DeBuyer Affinity (http://www.debuyer.com/product.php?id=129&cat=25&background=violet1&start=2) also looks appealing, much better price point than other high-end brands. I don't like the shape of the fry pans/skillet as much as Viking. I'm primarily looking for sauce pans, but their largest offering at 3.5q is smaller than I really want which is 4-4.5q. They also don't offer a straight sided saute pan in a 5q range with a straight handle, only double loop handles.

hardline_42
01-01-2014, 04:10 PM
I just ordered a 12" debuyer, thanks for the tip! Not to derail the thread, but do you guys season with flaxseed oil first and in between uses?

I used coconut oil (because it was the most stable oil I had on hand) for the initial seasoning. I've used the de Buyer method of heating up a centimeter of oil on the stove until it smokes, but I prefer to season it like a wok. I heat up the thoroughly-washed pan on high heat, let it start to discolor a bit and then wipe it with with a paper towel dipped in oil, removing any excess and leaving only a thin coating. After the pan cools, you can repeat the process as many times as you want but I only do it once or twice and then just start using the pan as often as possible.

Asteger
01-01-2014, 04:16 PM
...If I were you, I'd buy the three sizes currently on sale at West Elm for about $75 for the set:
http://www.westelm.com/products/mrk-we-market-carbon-steel-de-buyer-frying-pan-8-d713/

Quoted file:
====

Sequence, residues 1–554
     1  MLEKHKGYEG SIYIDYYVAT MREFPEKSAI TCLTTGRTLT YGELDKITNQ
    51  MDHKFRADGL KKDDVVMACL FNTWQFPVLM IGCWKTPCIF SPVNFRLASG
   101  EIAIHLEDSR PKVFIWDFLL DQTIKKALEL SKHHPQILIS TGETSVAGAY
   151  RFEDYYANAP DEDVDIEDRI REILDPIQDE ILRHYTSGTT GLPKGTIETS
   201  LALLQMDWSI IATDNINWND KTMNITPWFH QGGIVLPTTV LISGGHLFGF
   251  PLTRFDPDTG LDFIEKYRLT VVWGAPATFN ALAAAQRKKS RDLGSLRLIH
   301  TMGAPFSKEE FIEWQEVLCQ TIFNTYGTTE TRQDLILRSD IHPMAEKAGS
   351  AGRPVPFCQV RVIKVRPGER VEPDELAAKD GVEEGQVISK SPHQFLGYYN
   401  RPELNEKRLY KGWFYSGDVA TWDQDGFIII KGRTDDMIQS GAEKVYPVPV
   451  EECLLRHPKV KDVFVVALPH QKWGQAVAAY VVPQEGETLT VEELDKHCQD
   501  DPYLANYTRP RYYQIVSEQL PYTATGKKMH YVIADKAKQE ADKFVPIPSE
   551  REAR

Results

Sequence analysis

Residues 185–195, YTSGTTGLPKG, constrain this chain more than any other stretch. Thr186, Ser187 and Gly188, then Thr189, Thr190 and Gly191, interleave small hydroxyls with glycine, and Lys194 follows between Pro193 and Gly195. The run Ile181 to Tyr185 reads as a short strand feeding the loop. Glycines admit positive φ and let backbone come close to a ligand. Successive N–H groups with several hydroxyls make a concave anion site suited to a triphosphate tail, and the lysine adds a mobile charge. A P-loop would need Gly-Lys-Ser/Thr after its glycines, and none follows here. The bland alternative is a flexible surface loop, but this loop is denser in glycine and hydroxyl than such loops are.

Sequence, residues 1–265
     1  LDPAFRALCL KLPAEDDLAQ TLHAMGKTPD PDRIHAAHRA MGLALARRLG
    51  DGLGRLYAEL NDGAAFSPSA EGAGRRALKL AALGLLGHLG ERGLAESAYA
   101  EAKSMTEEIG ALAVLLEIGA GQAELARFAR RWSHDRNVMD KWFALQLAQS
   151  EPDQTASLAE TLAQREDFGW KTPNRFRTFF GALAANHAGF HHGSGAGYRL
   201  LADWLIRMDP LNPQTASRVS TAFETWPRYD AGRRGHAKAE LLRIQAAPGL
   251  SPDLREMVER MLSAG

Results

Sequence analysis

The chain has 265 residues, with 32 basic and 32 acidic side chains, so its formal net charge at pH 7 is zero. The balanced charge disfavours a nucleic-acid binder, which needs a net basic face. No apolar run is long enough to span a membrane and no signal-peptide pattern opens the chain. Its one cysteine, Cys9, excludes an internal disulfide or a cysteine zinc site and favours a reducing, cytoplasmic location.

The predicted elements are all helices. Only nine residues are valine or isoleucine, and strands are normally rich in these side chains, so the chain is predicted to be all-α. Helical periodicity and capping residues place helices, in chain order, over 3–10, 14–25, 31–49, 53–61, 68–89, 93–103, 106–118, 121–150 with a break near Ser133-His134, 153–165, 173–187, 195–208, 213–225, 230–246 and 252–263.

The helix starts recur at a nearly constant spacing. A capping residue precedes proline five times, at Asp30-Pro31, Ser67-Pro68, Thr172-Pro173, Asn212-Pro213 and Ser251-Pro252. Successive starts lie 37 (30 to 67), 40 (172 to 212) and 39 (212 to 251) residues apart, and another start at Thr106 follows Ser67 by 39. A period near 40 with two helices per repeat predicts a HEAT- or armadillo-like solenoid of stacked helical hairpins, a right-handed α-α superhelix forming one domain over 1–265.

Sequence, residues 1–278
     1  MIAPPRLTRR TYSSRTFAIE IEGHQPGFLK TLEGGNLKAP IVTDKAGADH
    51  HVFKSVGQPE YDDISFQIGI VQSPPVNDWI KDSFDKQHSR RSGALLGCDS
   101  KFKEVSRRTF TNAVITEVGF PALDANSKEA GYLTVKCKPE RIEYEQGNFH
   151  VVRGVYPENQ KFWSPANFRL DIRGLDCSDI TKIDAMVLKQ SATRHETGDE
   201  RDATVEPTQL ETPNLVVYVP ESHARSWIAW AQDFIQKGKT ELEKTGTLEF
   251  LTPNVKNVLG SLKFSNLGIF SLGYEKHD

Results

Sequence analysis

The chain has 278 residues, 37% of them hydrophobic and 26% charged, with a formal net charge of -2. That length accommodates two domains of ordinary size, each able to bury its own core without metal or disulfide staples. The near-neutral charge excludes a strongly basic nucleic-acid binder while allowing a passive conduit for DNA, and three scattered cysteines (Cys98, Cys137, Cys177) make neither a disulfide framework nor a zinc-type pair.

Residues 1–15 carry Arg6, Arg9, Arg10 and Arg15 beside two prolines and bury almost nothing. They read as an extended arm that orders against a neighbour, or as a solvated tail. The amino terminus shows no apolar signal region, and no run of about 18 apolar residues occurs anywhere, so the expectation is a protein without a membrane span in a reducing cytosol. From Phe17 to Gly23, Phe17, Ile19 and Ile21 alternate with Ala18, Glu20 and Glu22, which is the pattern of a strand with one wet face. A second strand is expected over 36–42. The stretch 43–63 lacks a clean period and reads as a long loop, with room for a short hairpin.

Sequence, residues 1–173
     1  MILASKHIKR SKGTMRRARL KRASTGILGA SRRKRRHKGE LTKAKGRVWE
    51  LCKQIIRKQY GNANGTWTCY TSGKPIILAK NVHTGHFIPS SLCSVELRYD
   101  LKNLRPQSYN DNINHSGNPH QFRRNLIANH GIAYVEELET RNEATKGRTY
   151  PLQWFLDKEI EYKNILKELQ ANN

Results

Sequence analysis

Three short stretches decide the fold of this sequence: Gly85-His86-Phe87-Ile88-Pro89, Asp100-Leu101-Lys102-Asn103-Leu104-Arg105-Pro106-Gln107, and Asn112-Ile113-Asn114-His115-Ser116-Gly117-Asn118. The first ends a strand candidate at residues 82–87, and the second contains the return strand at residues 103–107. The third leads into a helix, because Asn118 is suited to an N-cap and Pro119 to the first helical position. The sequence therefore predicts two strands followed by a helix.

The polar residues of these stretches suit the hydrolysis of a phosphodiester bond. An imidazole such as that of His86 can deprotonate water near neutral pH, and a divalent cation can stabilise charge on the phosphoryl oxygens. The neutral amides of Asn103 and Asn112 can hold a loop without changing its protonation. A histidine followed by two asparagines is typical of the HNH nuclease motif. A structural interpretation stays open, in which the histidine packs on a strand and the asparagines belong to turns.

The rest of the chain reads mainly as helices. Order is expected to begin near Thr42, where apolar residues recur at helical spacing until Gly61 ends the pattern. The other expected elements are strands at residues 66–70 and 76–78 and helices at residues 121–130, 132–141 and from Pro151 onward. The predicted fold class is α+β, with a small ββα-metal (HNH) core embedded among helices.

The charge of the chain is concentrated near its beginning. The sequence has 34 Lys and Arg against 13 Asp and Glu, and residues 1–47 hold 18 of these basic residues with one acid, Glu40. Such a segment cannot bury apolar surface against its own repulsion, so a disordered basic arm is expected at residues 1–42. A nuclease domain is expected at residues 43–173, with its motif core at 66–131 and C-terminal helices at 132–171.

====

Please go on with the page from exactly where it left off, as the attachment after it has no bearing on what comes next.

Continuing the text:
Well spotted! Thanks for pointing this out. I've gone and ordered a 10". Just $25 with free shipping in the US.

Hbeernink
01-01-2014, 04:32 PM
I used coconut oil (because it was the most stable oil I had on hand) for the initial seasoning. I've used the de Buyer method of heating up a centimeter of oil on the stove until it smokes, but I prefer to season it like a wok. I heat up the thoroughly-washed pan on high heat, let it start to discolor a bit and then wipe it with with a paper towel dipped in oil, removing any excess and leaving only a thin coating. After the pan cools, you can repeat the process as many times as you want but I only do it once or twice and then just start using the pan as often as possible.


That's how I season as well- don't like the debuyer method at all. I usually go several coats at high temp, smoking it all off, then cool. Then more coats, and ready to go after that. I've heard recommendations to use the highest smoke point oil you can get. Other folks insist lard is best. I just use canola or corn oil, they work just fine.

EdipisReks
01-01-2014, 04:40 PM
Thank you all for the input. I ended up getting the 10 & 12 in de buyer from west elm and the 11 and 13 in all clad. Can't wait to break them in. Still might have to try that Vollrath.

I think you're going to be very pleased with the combo.

rahimlee54
01-01-2014, 04:42 PM
I'll try the 12 inch De buyer and see how it goes.

hardline_42
01-01-2014, 04:42 PM